To determine whether serum C-reactive protein (CRP) concentration could be used to detect gallbladder rupture (GBR) prior to surgery in dogs undergoing cholecystectomy for treatment of gallbladder mucocele (GBM).
45 dogs that underwent cholecystectomy because of GBM at a companion animal referral hospital from 2017 to 2020.
Electronic medical records were reviewed, and dogs were included if serum CRP concentration had been measured within 24 hours prior to cholecystectomy. Dogs were grouped as to whether the gallbladder was found to be ruptured or intact during surgery. Accuracy of using preoperative CRP concentration to predict GBR was compared with accuracy of abdominal ultrasonography and other preoperative blood tests.
GBR was present in 15 dogs at the time of surgery. Median preoperative CRP concentration was significantly higher in dogs with GBR (15.1 mg/dL; interquartile range, 7.4 to 16.8 mg/dL) than in dogs with an intact gallbladder (2.65 mg/dL; interquartile range, 0.97 to 13.4 mg/dL). Sensitivity, specificity, and accuracy of using preoperative CRP concentration to predict GBR were 100%, 67%, and 78%, respectively.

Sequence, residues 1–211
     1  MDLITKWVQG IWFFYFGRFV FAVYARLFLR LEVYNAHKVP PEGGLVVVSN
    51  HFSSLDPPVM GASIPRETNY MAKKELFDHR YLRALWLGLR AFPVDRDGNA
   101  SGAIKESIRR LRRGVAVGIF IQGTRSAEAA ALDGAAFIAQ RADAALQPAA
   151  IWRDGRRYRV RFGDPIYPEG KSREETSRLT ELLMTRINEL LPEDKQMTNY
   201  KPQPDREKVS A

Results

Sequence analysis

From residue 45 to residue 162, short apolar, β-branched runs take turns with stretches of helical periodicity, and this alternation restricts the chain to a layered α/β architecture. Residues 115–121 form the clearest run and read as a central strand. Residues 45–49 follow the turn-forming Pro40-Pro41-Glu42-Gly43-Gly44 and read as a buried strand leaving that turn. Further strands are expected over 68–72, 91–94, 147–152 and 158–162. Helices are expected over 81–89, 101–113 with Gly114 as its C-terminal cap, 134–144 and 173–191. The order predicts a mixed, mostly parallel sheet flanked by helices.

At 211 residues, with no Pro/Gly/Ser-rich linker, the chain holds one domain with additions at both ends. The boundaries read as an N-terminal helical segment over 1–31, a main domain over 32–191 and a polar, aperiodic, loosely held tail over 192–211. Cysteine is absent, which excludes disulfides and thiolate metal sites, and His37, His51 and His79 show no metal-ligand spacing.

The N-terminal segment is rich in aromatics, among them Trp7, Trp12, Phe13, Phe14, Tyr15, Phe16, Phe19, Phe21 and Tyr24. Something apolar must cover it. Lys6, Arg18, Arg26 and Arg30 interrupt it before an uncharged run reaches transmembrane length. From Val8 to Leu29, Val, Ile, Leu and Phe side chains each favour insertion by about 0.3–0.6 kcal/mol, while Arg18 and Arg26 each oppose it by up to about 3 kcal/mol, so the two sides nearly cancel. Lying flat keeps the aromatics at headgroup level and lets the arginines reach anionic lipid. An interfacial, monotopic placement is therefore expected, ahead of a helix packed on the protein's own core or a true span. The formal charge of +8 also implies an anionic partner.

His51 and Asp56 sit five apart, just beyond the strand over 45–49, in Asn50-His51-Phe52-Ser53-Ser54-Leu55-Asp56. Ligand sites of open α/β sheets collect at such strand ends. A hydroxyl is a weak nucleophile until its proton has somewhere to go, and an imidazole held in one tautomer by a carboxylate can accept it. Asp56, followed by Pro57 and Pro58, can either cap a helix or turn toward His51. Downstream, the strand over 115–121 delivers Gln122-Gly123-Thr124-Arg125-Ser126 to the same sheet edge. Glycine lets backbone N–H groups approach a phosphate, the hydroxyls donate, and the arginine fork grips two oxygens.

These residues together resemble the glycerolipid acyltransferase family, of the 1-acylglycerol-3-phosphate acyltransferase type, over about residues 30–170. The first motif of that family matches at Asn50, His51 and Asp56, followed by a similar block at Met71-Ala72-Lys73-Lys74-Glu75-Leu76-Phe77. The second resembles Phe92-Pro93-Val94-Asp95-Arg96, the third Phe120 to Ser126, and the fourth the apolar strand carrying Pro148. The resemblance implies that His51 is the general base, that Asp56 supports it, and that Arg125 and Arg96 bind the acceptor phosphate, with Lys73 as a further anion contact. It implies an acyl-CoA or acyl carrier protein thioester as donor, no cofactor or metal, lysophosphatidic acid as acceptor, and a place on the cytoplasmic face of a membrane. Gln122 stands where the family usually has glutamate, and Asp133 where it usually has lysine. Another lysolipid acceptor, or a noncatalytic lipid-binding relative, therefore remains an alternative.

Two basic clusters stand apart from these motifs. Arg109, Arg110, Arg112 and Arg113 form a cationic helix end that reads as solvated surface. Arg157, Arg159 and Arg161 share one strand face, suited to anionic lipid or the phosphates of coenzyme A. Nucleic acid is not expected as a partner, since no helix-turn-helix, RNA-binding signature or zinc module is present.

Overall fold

Measurement of preoperative CRP concentration provided excellent sensitivity and moderate specificity for detection of GBR in dogs undergoing cholecystectomy because of GBM. Accuracy of using preoperative CRP concentration for detection of GBR was not superior to the accuracy of preoperative abdominal ultrasonography. However, when CRP concentration was combined with results of ultrasonography, the sensitivity, specificity, and accuracy for detection of GBR were 100%, 93%, and 96%, respectively.